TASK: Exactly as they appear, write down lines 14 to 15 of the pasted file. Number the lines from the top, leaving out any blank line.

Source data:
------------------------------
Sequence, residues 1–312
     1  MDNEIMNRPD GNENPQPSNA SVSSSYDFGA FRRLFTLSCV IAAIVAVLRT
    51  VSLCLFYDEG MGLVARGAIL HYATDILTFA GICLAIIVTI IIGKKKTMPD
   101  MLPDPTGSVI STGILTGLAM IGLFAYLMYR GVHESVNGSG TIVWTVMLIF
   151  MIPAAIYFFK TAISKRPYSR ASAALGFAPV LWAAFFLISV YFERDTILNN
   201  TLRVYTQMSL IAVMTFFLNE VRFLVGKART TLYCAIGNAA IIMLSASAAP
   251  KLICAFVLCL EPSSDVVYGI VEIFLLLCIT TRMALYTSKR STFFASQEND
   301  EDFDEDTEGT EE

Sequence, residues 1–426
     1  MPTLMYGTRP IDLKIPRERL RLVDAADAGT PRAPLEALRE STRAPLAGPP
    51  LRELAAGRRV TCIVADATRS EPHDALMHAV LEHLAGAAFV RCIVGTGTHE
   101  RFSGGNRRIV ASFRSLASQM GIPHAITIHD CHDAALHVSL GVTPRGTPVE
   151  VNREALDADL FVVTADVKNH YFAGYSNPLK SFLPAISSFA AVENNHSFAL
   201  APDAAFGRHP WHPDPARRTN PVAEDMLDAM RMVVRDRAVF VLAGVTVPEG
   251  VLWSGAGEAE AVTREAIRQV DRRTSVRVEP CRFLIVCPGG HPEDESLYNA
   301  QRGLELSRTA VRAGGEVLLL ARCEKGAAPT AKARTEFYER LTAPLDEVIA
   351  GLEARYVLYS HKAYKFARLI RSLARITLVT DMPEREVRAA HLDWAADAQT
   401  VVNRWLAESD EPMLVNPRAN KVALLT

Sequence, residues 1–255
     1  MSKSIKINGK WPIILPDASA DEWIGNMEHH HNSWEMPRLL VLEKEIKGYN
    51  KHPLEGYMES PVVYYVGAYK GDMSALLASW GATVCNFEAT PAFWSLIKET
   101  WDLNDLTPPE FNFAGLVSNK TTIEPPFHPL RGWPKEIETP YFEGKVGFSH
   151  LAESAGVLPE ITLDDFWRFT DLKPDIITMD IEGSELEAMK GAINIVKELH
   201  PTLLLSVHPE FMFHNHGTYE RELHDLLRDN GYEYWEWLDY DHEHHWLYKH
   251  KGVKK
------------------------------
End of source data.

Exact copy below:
   201  APDAAFGRHP WHPDPARRTN PVAEDMLDAM RMVVRDRAVF VLAGVTVPEG
   251  VLWSGAGEAE AVTREAIRQV DRRTSVRVEP CRFLIVCPGG HPEDESLYNA